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Between the Sage and the Sufferer

Between the Sage and the Sufferer

We live in a reality there the balance swings between a world of cause and effect and a seemingly random chaotic chance. While those who are successful will trumpet their “10 rules for getting ahead” or Steven Covey’s “Seven Habits of Highly Effective People”, there are times and lives that do everything right but still end up without success. Is this all luck or is there something else that is going on in the universe? Firstly, those who are successful often fail to acknowledge the level of advantage they were born into or the serendipitous circumstances they were the beneficiaries of. In a study conducted by a university on the emotional response to advantage, those who were obviously given a massive head start in life were more often likely to attribute their success to hard work and their own genius rather than acknowledge they were lucky. In a simple experiment, participants were asked to play a game of Monopoly with a difference. Some of the players were given twice as much money to start off with than the others and were given two dice to roll, while the rest had to roll with one die. What the experiment demonstrated was that the players with advantage often responded emotionally to the game play as if they were skilled players and deserved their wins. Even in this simple test they failed to see that the game was rigged in their favour.

In a similar fashion, those at the top often look down on others whose life has not matched their success with disdain, emotionally distancing themselves with a belief that their poverty was a result of their own moral failings rather than life circumstances that disadvantaged them from the start. To many who are in the upper income brackets, the poor are to blame for their poverty because, if they worked harder or smarter, they would not be poor. This has been proven to be wrong on so many levels but it is hard for people to see the inherent injustices of life because it seems to diminish their own achievements.

“To many who are in the upper income brackets, the poor are to blame for their poverty because, if they worked harder or smarter, they would not be poor.”

I believe it has to do with two worldviews represented in the Old Testament; that represented in the book of Proverbs and that represented in the book of Job. Both books are scripture and present truths that are essential for the Christian life, but one is easier to understand and digest than the other. The book of Proverbs represents what I would call the law of cause and effect. If you live a life of wisdom you will reap certain benefits. Actions have consequences that can affect life. The maxims, attributed to the wise King Solomon, are often simple dualisms: Do the wise thing and good things will follow. Do the unwise thing and bad things will follow. There is truth to these sayings and many have lived prosperous and happy lives having adopted their principles into their daily habits. So much so that it would be easy to assume that all lives are determined by one’s adherence to their wisdom. This is the stance taken by many Christians who adopt the Proverbs worldview alone.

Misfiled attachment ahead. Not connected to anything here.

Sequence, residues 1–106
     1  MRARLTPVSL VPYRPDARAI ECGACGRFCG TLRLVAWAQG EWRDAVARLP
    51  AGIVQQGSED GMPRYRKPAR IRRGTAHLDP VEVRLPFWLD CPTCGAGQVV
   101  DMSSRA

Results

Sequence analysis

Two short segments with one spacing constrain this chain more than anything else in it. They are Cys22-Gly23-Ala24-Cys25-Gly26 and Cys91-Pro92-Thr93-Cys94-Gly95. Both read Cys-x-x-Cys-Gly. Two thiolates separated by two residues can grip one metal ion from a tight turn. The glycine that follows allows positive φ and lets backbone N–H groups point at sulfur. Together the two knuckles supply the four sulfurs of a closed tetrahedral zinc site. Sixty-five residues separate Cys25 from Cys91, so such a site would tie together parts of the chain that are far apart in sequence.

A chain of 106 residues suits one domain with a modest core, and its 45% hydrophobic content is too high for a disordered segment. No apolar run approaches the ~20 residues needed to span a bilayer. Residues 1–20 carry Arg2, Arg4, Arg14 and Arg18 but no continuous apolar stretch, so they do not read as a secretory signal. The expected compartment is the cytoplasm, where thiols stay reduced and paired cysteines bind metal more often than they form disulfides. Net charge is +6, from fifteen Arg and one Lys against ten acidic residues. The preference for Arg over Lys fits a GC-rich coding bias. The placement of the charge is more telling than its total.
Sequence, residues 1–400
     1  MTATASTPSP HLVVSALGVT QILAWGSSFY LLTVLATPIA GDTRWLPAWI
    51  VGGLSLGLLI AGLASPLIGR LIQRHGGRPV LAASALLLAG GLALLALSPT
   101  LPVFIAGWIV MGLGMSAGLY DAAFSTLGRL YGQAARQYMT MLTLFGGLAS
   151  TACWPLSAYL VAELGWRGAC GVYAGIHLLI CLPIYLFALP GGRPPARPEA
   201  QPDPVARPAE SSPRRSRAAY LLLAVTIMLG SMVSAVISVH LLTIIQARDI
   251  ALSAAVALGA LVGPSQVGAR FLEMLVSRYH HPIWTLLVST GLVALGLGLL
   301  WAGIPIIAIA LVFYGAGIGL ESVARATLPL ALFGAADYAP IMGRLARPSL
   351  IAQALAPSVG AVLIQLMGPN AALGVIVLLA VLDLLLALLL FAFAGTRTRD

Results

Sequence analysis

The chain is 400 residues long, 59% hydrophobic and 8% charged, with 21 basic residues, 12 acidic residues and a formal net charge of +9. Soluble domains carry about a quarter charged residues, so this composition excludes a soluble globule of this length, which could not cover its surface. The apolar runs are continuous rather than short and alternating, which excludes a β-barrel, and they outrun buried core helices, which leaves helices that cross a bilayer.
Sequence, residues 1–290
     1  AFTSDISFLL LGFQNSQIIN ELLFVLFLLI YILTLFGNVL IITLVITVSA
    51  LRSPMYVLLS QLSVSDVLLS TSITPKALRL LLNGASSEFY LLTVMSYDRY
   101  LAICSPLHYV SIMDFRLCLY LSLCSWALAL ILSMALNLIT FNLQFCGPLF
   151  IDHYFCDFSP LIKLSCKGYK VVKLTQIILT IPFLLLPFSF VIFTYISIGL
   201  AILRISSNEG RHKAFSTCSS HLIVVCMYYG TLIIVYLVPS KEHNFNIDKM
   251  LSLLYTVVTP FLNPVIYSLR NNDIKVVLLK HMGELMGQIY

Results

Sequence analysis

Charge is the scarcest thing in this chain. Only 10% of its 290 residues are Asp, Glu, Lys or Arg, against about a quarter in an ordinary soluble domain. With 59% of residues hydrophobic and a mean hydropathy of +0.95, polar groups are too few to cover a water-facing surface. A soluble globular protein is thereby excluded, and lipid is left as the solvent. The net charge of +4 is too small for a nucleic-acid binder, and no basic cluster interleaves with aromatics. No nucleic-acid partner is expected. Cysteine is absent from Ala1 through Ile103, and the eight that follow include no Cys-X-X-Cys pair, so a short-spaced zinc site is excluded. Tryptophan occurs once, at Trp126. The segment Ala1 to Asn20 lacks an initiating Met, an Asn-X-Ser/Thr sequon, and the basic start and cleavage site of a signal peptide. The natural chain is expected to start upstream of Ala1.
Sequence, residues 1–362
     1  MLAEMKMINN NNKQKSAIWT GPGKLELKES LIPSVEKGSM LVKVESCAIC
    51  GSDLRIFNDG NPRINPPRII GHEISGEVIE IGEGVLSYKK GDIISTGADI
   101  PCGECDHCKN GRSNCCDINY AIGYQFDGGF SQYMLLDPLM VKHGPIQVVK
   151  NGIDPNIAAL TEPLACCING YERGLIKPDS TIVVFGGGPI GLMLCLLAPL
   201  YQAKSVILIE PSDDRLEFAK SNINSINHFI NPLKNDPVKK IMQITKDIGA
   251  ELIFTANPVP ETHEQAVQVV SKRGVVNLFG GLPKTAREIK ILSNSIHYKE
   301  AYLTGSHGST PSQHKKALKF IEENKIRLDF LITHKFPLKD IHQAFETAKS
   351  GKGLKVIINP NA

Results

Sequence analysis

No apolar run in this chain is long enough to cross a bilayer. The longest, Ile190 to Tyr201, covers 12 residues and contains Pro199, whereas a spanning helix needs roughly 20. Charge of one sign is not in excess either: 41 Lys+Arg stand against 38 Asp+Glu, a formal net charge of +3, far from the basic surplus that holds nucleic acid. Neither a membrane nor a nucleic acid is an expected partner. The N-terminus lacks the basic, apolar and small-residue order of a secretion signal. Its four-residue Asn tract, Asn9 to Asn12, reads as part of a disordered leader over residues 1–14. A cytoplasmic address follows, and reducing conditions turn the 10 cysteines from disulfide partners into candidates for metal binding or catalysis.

But there is also the book of Job. Job is almost the opposite of proverbs: a man who has lived his life with godly wisdom is afflicted with the worst series of disasters imaginable, so much so that his friends (Proverbs theologians) are forced to attribute his suffering to his own folly and sin even though they can clearly see that his life has been exemplary. Their proverbs theology has run aground on the rocky shoals of tragedy and, instead of seeking to learn a new way of looking at the world, they instead choose to accuse Job of being a hidden sinner of the worst kind. If sin and folly leads to failure, then Jobs absolute fall to destitution and misery could only mean that Jobs sins were worse than any other. Of course the reader knows that God Himself has acquitted Job of wrongdoing and has in fact boasted about him to those in heaven and that Job’s suffering has been launched to demonstrate that God’s best man would not turn apostate even if everything was taken away from him. It was a kind of wager and only the reader is given a view of this heavenly perspective. When finally God responds to Job’s cry for answers from Heaven, He doesn’t give him what he seeks but instead reminds Job that life is not safe and that he cannot grasp the immensities of God’s understanding and dominion over creation. Job is himself silenced and humbled, and agrees that God is God and he is not.

“If Proverbs urges the reader to not self-sabotage your life, Job warns that life can still sabotage you.”

If Proverbs urges the reader to not self-sabotage your life, Job warns that life can still sabotage you. Our response to poverty and misery around us should never be to uncritically blame to sufferer. If we are prosperous we must acknowledge that there are circumstances beyond our control that have aided our rise. If others are in poorer circumstances we must also understand that they are often the victims of circumstances that are also beyond control. In all life’s manifestations we should be humble and compassionate for we don’t know who is really blessed by God and who is not.